With school holidays on at the moment I have found much more time to spend with my children, which is great and the main reason behind my taking time off from work. We have been going out and enjoying more of the outdoors, doing some projects around the house, and working on tidying the property before winter comes. This last job had started to become more of a priority, as you might know if you have seen any of my videos showing my yard. I decided that it might be best to burn the excess tree cuttings, and in doing so I could practice my fire lighting skills, teach my kids some lessons on fire, and maybe we could have some fun with it later.
So, I set out to make a fire. It had rained a couple of days previous, yet I thought I would be OK. I grabbed some kindling and after splitting it, I attempted to light the fire. I could not, for the life of me, get it going. I even went so far as to break the kindling down into slivers of wood as small as match sticks… still they wouldn’t light. I took a small break, which is something I would recommend if you are becoming frustrated with a task before coming back to it.
I realised that the wood I was using may have been a little damp from the rain, so I went digging through the pile of detritus until I found some kindling that would have been protected from the rain. I asked my younger son to assist and he gathered dried grass as tinder. This was exactly what I needed. Within a couple of minutes we had the foundation to a great fire.
Later in the evening I decided it would be a great little treat for the kids if we made and ate some Damper. For those of you not in Australia (or if you are, that you never had the chance to try this very Australian dish), Damper is a food made from very basic materials such flour, sugar, salt and butter. It was traditionally made by Australian Stockmen while they were out in the bush, using their very limited supplies. Damper is often made to an accompany a main meal, or as a dessert. I will share my recipe of a damper dessert with you all here, it should make enough for four servings.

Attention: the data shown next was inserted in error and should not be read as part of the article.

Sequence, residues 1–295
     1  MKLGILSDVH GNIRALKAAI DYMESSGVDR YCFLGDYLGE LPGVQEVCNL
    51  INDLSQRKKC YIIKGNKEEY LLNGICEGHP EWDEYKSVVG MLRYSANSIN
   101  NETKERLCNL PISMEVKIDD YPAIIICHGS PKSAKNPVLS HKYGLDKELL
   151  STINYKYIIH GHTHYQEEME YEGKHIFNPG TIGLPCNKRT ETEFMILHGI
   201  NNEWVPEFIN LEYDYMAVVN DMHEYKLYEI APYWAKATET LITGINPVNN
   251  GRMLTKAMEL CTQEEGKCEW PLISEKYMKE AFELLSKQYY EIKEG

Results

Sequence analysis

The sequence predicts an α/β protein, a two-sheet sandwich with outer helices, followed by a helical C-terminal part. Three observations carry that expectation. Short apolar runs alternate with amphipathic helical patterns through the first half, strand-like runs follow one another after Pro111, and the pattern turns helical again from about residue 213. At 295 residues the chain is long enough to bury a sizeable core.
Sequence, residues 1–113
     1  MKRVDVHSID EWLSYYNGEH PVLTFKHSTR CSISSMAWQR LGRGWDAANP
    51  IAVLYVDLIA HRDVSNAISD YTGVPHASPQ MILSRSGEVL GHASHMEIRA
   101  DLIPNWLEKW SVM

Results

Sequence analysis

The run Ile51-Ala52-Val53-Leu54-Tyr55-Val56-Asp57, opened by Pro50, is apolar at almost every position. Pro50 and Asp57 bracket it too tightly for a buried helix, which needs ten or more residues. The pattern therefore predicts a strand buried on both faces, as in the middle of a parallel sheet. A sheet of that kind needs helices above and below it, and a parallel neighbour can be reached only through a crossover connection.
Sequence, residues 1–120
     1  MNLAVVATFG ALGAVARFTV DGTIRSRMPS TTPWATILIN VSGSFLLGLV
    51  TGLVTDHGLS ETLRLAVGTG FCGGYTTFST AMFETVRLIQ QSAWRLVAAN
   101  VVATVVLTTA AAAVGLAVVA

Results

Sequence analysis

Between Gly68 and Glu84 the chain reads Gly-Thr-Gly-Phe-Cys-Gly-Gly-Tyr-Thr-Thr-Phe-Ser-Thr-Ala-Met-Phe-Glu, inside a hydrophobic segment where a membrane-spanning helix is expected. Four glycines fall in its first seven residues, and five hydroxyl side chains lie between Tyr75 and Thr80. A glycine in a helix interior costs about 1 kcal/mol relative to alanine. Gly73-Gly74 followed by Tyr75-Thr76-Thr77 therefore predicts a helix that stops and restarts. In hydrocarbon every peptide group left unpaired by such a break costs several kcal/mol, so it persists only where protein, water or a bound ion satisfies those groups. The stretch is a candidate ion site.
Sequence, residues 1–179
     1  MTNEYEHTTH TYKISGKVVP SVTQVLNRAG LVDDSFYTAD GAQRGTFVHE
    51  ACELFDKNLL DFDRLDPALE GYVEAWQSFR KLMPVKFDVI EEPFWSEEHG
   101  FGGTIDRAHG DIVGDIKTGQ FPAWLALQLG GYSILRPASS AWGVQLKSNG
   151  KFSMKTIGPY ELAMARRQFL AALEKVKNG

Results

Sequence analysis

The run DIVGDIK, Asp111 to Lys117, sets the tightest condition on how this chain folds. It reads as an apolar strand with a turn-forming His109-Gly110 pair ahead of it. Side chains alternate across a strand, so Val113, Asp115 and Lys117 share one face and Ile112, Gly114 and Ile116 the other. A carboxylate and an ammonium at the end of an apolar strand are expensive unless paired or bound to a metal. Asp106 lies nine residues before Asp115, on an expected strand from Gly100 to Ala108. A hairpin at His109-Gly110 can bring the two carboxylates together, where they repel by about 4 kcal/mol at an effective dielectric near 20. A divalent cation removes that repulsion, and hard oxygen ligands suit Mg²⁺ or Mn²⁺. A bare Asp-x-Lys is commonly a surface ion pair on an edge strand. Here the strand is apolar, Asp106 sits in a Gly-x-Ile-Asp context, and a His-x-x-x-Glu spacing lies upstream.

- 4 cups self-raising flour
- 1/2 tsp salt
- 2 tsp sugar
- 2 tbsp butter
- 2 cup water
- Golden syrup
Add the flour, salt and sugar to a bowl and then rub the butter in till it becomes crumbly. Make a depression in the centre of the mixture then add the water. Mix it together until you have a dough like consistancy. I would recommend allowing it to be a little on the very slightly sticky side.
Quarter the dough, so you have four parts, then roll the dough into long, snake like, portions. These are to be wound around the end of a stout stick, so that it makes a tube like structure. The sticky nature of the dough snake will stick to other parts of itself. You will then extend the stick so that the dough is just above the flames, where it will cook. You may like to turn it every couple of minutes so that it cooks evenly on all sides.
After around 10 minutes the damper should be cooked. Take it from the heat and examine it… it should have a golden brown colour and when tapped with a finger it will make a hollow sound.
Take the damper from the stick and spread it with golden syrup. It will taste heavenly.
You can tell it tasted good as it was eaten very quickly, with only a small portion left to be given to the family dog Errol.
This is a great little project to do with your family around the camp fire. It teaches children about how to cook basic foods on an open fire, that they can taste amazing, and that they can do it themselves. It also teaches lessons in sharing, as you all need to share the fire in order to cook the Damper.